The firing of Resorts World Las Vegas President Scott Sibella has potential links to an ongoing federal investigation into an illegal gambling ring. [Image: Shutterstock.com]
A lot of smoke
The firing of Resorts World Las Vegas President and Chief Operating Officer Scott Sibella is potentially linked to an ongoing illegal gambling ring probe. A consulting firm representing the Genting-owned casino said on Friday that Sibella violated company policy without providing any specifics. Current Chief Financial Officer and Senior Vice President Peter LaVoie will be assuming the position of president following Sibella's departure.
An ongoing federal investigation is looking into an illegal gambling ring involving professional athletes. Former minor league baseball player Wayne Nix, the man accused of heading up this operation, is currently awaiting sentencing.
Sibella was previously the Chief Operating Officer and President of MGM Grand
The scope of the probe has reportedly expanded, with the federal authorities subpoenaing employees at the MGM Grand and Resorts World. Sibella was previously the Chief Operating Officer and President of MGM Grand, and an unnamed Nevada Current source has claimed that agents specifically inquired about the 60-year-old.
Employees at casinos in the city allegedly worked as agents for the illegal betting network for nearly two decades. One theory is that workers used casino resources like promo chips and comps to pay off their gambling debts. Employees also allegedly gave confidential customer data to the gambling ring.
Details of the subpoena
US Central District Court of California federal authorities reportedly have subpoenaed communications between certain Resorts World customers and employees as part of the probe. According to a confidential memo from the property's General Counsel Gerald Gardner, they are also seeking player data. He sent the memo to people who might have access to relevant information.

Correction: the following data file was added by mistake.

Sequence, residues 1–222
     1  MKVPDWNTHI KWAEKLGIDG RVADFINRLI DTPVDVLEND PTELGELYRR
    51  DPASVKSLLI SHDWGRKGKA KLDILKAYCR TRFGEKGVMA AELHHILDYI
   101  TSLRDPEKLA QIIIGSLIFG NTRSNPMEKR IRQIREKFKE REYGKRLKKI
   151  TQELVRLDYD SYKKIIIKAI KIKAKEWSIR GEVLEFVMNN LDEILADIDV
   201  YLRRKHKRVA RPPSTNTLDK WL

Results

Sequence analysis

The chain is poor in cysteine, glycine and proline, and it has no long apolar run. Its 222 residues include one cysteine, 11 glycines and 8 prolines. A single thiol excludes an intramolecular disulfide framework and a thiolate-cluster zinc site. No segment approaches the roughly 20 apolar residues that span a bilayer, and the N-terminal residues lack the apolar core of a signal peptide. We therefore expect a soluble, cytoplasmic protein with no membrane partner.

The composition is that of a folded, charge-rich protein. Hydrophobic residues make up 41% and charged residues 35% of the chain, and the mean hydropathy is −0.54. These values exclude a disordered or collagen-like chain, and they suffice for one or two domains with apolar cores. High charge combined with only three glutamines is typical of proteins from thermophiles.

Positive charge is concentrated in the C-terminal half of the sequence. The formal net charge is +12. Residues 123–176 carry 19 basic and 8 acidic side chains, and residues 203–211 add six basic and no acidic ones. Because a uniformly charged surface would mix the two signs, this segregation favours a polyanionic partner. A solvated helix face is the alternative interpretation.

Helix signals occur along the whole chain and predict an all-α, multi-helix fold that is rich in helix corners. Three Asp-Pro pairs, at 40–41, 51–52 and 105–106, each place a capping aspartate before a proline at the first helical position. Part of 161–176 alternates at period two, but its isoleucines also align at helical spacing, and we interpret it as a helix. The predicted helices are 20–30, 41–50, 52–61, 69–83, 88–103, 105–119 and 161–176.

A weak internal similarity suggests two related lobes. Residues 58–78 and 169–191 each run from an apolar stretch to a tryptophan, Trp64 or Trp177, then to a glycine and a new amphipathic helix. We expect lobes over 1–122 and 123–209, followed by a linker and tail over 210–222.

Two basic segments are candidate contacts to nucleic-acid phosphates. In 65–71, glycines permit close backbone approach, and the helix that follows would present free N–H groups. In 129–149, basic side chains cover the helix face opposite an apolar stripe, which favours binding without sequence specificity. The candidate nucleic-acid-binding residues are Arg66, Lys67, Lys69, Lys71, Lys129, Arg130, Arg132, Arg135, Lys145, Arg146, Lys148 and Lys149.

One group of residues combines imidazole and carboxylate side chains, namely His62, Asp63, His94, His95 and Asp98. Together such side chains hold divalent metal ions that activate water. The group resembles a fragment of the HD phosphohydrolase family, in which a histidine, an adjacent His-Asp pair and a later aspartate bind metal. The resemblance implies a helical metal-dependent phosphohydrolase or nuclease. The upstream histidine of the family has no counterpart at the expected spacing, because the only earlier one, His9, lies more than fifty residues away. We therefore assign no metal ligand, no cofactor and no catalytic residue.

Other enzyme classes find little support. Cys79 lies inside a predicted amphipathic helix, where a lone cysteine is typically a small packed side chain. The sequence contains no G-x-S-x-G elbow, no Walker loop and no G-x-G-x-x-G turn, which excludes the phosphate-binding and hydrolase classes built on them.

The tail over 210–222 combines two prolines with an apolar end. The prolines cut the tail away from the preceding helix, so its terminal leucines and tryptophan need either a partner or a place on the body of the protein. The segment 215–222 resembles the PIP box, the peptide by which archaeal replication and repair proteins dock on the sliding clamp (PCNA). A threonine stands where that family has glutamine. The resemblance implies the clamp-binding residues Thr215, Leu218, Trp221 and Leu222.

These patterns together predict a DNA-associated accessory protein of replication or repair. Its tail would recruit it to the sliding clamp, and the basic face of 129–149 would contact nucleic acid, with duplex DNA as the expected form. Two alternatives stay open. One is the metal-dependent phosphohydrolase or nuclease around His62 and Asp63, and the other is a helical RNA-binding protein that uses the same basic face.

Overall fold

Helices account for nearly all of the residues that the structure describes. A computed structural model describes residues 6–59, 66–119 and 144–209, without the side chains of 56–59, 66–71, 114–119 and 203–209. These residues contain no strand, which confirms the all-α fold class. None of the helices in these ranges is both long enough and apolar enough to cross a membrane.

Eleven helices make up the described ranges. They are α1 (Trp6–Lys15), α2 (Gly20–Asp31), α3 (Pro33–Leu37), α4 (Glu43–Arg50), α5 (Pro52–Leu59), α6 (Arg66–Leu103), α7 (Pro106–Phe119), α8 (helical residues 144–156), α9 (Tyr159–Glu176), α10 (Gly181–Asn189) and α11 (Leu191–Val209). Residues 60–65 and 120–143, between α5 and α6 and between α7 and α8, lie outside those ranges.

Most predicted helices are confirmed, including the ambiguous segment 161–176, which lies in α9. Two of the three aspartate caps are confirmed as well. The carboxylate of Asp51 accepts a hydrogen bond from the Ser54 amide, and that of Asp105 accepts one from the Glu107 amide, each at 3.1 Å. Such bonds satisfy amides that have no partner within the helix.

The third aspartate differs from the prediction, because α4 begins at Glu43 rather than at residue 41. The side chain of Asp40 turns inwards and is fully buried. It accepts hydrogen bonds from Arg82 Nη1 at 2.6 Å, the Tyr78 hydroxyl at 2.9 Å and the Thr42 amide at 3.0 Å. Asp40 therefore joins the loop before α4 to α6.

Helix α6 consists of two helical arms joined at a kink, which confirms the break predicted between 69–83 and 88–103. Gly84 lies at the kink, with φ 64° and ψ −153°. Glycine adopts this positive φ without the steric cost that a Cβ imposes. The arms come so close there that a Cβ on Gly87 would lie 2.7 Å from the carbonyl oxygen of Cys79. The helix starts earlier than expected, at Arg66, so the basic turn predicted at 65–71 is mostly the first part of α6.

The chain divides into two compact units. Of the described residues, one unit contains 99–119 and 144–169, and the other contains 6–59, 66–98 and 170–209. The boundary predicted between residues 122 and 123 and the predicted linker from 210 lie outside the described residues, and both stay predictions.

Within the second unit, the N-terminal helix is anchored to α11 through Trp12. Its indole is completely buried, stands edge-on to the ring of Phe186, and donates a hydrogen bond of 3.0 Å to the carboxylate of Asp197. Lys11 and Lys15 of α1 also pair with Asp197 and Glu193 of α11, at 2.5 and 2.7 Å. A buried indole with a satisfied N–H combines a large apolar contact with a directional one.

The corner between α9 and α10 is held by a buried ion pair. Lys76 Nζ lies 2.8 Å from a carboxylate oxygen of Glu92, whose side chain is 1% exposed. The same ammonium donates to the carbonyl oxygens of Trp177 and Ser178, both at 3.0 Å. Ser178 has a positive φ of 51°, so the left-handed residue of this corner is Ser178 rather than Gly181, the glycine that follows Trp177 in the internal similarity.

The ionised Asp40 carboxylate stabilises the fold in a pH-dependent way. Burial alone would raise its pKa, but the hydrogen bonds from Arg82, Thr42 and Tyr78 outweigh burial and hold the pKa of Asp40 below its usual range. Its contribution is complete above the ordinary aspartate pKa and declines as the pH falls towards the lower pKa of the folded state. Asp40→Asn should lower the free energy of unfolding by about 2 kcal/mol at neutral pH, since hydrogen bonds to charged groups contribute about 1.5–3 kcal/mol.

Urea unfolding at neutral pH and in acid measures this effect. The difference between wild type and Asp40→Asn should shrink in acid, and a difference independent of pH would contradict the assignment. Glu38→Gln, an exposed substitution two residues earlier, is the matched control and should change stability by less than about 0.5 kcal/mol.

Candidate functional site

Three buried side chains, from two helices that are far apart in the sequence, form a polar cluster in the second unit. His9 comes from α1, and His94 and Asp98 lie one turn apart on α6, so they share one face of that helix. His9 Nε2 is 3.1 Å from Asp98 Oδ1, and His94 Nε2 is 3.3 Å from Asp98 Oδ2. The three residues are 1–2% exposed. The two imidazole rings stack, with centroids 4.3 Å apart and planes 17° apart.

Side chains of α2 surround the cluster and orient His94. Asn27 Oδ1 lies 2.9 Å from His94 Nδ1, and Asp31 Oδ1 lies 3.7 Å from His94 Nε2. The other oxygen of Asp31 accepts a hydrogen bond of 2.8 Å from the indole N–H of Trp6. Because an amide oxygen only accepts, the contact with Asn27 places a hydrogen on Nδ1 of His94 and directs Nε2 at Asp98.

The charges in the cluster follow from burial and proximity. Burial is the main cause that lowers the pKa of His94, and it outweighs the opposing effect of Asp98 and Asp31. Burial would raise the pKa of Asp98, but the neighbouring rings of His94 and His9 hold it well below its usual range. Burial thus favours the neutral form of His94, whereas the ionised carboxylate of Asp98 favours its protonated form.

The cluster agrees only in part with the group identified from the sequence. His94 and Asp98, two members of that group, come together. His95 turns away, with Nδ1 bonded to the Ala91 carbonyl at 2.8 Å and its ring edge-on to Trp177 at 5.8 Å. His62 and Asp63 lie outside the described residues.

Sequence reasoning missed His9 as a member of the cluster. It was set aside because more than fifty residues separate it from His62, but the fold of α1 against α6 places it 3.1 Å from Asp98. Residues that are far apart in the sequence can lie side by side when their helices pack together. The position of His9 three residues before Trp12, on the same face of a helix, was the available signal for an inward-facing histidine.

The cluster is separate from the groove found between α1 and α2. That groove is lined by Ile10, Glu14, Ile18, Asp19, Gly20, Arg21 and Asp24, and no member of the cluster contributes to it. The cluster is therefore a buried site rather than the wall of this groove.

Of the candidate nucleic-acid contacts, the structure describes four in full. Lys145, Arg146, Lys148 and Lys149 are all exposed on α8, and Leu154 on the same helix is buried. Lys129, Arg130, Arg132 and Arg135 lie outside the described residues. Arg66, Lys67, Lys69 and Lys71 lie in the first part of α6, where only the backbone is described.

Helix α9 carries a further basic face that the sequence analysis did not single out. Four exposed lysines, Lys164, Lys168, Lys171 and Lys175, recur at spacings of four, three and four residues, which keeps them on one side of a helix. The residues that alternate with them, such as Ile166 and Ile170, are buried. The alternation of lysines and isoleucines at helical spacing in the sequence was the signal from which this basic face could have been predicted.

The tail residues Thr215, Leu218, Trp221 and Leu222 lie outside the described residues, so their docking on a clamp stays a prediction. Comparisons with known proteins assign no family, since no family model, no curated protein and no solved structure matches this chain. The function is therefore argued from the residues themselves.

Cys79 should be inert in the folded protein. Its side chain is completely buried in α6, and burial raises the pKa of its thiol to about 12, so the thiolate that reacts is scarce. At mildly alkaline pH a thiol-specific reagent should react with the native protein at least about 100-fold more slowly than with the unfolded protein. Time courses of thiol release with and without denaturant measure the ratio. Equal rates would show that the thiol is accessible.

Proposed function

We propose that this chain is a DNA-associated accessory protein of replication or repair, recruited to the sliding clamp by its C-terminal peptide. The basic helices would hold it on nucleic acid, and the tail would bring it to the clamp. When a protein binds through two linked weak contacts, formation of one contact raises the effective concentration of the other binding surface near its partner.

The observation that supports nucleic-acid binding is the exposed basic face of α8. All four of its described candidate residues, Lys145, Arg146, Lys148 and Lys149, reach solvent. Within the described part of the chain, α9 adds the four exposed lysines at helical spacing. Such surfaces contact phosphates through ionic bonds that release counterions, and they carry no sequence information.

Gardner explained in the memo that the federal grand jury subpoena relates to the casino's “policies, procedures and practices” as well as its marketing, compliance, and finance departments. The subpoena requests a wide range of documents including ones relating to the property's know-your-customer (KYC) and anti-money laundering procedures.
subpoena demands access to player histories, suspicious activity reports, and cash transaction reports
The jury also wants to examine the use of advertising chips and the granting of different types of benefits to players. The subpoena demands access to player histories, suspicious activity reports, and cash transaction reports relating to certain former or current customers.
The date of the memo is August 9, approximately a week after reports surfaced that Homeland Security and the Internal Revenue Service's Criminal Division were looking into hotels in Las Vegas, including Resorts World.
Courting plenty of controversy
Resorts World and Sibella have been in the spotlight for the wrong reasons on numerous occasions since the property's opening. Prominent gambler Robert Cipriani informed law enforcement about undesirable people playing at the property supposedly with the knowledge of Sibella. These individuals include convicted investment fraudster Robert Alexander and Brandon Sattler who was accused of carrying out multimillion-dollar bankruptcy fraud.
Allegations were also doing the rounds that a convicted illegal bookmaker had an ownership stake in a taco stand at the property, which is against Nevada law and led to an investigation. The Nevada Gaming Control Board ultimately cleared Sibella of any wrongdoing in that matter.
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